Self-driving cars have been a hot-button topic in recent years, particularly because they have the potential to improve passenger safety. Not only can they recognize other cars on the road, but they can also observe and react to pedestrians and even animals like birds and squirrels. But there’s a very popular entity they aren’t able to see so well: bicycles.
In fact, bikes are among one of the toughest challenges technological developers face in terms of detection. They’re smaller than cars and move quickly.
Nuno Vasconcelos, a visual computing expert at the University of California, San Diego, notes, “A car is basically a big block of stuff. A bicycle has much less mass and also there can be more variation in appearance — there are more shapes and colors and people hang stuff on them.”
The physical differences between bikes and cars is really throwing these vehicles’ detection systems for a loop. The algorithms on these systems train themselves based on the images they see. But many of the training sessions performed don’t feature bikes. As a result, the systems don’t consistently register them.
The Deep3DBox algorithm, for example, was able to recognize 89% of cars on the road when subjected to an industry-recognized benchmark test. But the system wasn’t nearly as proficient when it came to cyclists. In the test, it was able to spot only 74% of bicycles — and this score is the highest among such technologies.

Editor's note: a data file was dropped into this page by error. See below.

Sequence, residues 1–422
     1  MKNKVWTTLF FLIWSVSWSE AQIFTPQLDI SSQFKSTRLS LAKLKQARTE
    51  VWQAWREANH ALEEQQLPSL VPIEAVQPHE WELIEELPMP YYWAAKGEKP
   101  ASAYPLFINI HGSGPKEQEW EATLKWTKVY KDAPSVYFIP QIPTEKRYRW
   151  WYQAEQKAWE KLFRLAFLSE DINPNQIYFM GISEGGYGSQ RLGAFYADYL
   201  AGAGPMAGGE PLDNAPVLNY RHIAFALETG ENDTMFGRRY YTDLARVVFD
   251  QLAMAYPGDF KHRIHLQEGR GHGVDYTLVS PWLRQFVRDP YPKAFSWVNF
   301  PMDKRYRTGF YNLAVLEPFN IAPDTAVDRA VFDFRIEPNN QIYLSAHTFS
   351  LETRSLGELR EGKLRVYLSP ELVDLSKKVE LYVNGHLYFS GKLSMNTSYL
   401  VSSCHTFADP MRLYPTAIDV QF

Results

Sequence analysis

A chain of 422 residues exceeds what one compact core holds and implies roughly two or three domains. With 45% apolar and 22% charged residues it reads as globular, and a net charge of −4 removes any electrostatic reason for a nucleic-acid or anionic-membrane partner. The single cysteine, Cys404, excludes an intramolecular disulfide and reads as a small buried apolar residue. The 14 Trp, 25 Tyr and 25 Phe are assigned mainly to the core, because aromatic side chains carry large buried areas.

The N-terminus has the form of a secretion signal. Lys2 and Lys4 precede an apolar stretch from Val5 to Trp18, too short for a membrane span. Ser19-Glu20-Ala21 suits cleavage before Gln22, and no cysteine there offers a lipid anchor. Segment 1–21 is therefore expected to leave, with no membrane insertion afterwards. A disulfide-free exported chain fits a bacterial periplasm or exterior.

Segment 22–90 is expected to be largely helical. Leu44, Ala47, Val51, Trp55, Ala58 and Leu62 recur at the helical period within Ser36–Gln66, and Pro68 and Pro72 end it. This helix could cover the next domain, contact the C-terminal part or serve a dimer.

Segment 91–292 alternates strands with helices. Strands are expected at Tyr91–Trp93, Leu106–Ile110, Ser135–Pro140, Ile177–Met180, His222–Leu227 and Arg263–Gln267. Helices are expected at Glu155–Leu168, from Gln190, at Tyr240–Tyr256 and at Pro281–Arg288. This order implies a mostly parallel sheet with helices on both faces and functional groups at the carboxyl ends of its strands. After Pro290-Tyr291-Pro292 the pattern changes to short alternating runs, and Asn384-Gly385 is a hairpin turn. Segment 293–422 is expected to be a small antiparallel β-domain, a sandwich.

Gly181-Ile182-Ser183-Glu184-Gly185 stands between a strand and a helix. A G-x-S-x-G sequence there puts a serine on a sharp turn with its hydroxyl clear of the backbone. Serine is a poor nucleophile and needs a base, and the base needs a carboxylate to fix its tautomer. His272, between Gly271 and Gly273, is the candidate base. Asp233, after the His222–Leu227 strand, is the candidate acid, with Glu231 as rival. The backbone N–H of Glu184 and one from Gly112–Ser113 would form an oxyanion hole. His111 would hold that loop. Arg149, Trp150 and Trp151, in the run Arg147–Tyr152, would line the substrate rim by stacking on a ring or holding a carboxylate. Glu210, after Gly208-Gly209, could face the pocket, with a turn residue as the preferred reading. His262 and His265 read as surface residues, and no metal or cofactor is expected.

With an increased emphasis on reducing carbon emissions and improving physical fitness, it’s no surprise that 3 million Americans age seven and up rode a bicycle at least six times in 2015. But if developers expect self-driving cars to become the standard, this technology will need to improve quickly.
Fortunately, companies are already starting to take action. High-definition maps, like the ones created by Israeli company Mobileye, can help these algorithms identifying bicycles by making them stand out against the landscape. Their Road Experience Management system could make huge improvements to the way these algorithms are trained. Google’s self-driving vehicle, Waymo, shows that improvements can certainly be made; that auto contains sensor technology with increased recognition for bicycles.
While some experts are skeptical that self-driving cars will ever completely replace human-operated ones, these improvements could definitely help ensure the safety of everyone on the road. That being said, the new technology needs to be carefully tested before going to market. Otherwise, drivers will be much better off relying on their own vision and skills to avoid an accident.